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The Buddhist approach to social welfare

by Prof P.D. Premasiri Ph.D - Courtesy Vesak Lipi

By the performance of acts of punna and the avoidance of acts of papa one contributes to social welfare while gradually transforming oneself in such a way that noble qualities of mind conducive to produce the maturity and insight that bring full liberation of the mind could sooner or later be attained. Until such time as one attains the final liberation, acts of punna protect a person from falling into unhappy rebirths and furnishes one with all the desirable material conditions of living. Buddhism provides a great incentive to believers by emphasizing the effects of punna_deeds to engage in acts of social welfare. The concept of punna is connected with the doctrines of kamma and rebirth. These doctrines appeal to the concern of everyone with one's own interest and have the effect of preventing people who have faith in them to avoid engaging in any conduct that is productive of suffering to others and encouraging them to do positive good to others which is productive of beneficial effects to themselves.

It is to be noted that the Buddhist notion of social welfare is wider than a purely mundane notion in such a way that it includes an awareness of the material needs that are necessary for the promotion of social welfare. The welfare of people can be promoted only when all their needs are adequately fulfilled. Humanist psychologists have pointed out that human beings have a hierarchy of needs.xv They do not attain their real humanity unless certain higher and uniquely human needs are also satisfied. Buddhism can fully agree with that view, for Buddhism recognizes the necessity to attend to the basic material needs of man not as an end in itself, but as a means to an end which is much higher than that. The greatest happiness that a human being can attain by becoming entirely free from the corruptions of mind is considered in Buddhism as the highest in the hierarchy of human needs.

There is nothing beyond that in terms of excellence that a-human being may desire to attain. When the lower and basic needs are not satisfied human beings will move away from the search for the higher good that could be attained by means of the culture of mind. Buddhism makes the observation that the moral consciousness of human beings disappear when they have to live under conditions of absolute destitution in respect of their basic material requirements. Therefore Buddhism focuses attention on the need to promote the welfare of people in respect of the conditions of their material living. However, from the Buddhist point of view such a pursuit is not an end in itself. It is perhaps on that ground that Buddhism has introduced the concepts of two persons of great benefit to mankind. One is the concept of a universal monarch (cakkavattiraja), the foremost among men who are engaged in the promotion of the material welfare of the people. The other is the concept of a fully enlightened Buddha, the foremost among men who are engaged in the promotion of the spiritual welfare of the people. However, in the Buddhist scheme of values the latter is given a higher status than the former.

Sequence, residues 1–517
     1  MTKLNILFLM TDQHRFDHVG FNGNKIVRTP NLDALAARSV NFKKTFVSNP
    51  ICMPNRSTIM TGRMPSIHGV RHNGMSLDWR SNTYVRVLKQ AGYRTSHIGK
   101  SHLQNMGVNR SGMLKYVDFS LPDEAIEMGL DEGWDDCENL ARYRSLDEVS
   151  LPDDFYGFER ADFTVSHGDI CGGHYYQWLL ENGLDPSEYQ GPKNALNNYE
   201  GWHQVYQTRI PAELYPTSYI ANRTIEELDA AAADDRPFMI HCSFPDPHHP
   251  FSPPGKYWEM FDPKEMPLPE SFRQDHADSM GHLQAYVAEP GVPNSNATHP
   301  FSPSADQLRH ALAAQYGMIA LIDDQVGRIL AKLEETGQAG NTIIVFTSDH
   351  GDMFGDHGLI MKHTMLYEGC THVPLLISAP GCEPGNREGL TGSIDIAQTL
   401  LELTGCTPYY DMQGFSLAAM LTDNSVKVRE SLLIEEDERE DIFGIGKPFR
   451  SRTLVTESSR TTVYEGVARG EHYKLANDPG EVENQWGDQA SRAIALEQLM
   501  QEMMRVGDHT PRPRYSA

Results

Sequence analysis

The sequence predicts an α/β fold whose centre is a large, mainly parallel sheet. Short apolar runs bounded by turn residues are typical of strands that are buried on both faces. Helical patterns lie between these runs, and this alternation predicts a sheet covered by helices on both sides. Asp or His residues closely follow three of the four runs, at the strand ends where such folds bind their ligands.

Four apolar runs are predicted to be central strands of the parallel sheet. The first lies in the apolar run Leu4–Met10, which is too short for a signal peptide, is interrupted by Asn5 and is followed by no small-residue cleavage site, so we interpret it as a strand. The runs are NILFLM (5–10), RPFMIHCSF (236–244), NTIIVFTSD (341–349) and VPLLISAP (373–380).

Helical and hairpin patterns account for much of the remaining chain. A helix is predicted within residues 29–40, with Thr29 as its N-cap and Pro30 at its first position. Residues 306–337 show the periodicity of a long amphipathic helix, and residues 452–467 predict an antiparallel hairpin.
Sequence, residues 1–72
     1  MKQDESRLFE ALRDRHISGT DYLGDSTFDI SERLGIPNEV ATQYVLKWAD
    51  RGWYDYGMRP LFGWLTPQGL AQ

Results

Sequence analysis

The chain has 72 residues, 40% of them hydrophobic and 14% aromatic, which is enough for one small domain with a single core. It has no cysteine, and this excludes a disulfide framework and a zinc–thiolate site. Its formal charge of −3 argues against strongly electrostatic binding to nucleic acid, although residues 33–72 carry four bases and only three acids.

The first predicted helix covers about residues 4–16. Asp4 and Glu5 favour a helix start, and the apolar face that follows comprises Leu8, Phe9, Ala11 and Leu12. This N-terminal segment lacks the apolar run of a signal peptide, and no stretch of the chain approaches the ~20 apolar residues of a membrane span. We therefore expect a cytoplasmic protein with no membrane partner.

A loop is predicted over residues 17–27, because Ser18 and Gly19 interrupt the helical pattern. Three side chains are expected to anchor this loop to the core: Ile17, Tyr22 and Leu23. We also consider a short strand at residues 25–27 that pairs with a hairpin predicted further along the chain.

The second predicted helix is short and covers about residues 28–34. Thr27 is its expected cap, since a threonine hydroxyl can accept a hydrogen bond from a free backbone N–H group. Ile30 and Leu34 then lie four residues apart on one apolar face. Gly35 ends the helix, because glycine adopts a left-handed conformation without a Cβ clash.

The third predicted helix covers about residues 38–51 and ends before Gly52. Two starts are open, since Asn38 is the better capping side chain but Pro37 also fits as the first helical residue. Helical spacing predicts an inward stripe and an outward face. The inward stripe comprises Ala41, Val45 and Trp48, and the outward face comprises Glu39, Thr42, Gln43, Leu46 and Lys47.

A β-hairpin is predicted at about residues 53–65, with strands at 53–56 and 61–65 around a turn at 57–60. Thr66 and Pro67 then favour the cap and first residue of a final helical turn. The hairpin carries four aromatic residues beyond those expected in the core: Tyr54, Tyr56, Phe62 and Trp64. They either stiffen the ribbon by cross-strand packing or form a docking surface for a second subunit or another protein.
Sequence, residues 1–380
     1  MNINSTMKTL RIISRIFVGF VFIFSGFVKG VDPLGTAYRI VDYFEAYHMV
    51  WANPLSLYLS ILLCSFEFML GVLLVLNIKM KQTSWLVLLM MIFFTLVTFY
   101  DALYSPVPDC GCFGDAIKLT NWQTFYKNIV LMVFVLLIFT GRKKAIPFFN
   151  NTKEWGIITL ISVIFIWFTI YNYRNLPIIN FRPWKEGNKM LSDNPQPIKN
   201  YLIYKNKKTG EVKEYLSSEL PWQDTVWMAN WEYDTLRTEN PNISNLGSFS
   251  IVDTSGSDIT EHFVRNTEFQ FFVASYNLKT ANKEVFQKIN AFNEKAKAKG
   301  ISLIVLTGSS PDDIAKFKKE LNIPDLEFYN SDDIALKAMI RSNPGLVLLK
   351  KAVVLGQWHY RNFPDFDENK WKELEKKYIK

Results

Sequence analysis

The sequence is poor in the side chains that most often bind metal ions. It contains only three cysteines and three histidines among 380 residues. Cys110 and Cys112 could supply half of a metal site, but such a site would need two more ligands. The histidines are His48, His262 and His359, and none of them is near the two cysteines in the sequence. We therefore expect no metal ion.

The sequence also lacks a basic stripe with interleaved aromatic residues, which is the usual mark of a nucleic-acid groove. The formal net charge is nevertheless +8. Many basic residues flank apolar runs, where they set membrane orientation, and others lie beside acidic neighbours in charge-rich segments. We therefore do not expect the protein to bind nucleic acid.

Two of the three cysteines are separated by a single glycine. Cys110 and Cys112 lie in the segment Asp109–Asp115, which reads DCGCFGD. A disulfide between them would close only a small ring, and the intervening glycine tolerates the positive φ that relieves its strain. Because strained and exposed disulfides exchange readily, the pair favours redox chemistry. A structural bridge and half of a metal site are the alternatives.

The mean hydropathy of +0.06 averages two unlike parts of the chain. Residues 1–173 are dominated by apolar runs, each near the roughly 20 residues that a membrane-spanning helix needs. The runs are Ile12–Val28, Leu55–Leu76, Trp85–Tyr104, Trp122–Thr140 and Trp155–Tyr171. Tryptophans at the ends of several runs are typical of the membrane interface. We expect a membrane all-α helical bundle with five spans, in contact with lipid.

What may be concluded from the above discussion is that Buddhism can be credited with a much more comprehensive notion of social welfare than a narrow notion of social welfare that takes into account only the material aspects of human needs. It is this more comprehensive approach of Buddhism that attributes a greater value to spiritual welfare that is misconstrued as a life denying, asocial and salvation doctrine.

This article was read out as a paper at the Theravada Mahayama Buddhist Conference held in 2004 in Thailand.

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